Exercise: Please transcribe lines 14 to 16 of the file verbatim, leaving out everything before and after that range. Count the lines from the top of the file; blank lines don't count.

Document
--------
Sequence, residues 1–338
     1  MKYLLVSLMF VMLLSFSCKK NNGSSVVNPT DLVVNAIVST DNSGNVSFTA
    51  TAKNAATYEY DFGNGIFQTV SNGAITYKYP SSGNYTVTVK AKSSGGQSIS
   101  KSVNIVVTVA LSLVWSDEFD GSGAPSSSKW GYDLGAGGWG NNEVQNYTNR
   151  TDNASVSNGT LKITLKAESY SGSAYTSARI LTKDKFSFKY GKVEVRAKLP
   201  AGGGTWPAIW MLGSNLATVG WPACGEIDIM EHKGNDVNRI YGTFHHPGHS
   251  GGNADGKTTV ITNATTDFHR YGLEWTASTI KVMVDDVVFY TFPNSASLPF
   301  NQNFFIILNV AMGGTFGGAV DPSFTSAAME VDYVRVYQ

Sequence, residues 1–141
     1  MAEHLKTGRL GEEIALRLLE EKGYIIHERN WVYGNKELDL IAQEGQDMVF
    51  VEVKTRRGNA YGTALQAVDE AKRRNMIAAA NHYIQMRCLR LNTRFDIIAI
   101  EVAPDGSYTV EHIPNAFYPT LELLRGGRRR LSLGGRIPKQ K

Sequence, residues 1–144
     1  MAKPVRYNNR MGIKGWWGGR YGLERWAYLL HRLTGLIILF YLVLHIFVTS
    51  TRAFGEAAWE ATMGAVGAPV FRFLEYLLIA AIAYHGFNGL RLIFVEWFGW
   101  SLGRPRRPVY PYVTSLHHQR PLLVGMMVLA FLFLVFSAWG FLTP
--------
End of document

     1  MAKPVRYNNR MGIKGWWGGR YGLERWAYLL HRLTGLIILF YLVLHIFVTS
    51  TRAFGEAAWE ATMGAVGAPV FRFLEYLLIA AIAYHGFNGL RLIFVEWFGW
   101  SLGRPRRPVY PYVTSLHHQR PLLVGMMVLA FLFLVFSAWG FLTP